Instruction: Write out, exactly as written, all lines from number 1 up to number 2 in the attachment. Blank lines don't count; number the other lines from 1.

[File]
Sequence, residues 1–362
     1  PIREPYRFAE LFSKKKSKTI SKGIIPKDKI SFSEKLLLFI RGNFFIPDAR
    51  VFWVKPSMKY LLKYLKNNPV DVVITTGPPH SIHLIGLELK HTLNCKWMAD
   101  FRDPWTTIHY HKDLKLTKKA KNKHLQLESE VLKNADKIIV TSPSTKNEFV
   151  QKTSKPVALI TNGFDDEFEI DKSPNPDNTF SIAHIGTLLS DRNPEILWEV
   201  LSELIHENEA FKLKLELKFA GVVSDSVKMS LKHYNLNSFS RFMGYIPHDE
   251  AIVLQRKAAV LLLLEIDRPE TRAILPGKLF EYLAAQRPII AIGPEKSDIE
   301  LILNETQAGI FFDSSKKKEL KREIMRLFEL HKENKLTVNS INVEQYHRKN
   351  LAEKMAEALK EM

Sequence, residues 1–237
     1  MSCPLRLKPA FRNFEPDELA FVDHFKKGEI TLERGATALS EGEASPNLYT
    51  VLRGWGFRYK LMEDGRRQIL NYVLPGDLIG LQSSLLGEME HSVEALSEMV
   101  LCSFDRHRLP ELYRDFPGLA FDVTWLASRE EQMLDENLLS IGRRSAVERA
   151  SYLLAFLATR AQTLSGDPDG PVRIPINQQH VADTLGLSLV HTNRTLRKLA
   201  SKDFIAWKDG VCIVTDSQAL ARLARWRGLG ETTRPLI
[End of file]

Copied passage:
Sequence, residues 1–362
     1  PIREPYRFAE LFSKKKSKTI SKGIIPKDKI SFSEKLLLFI RGNFFIPDAR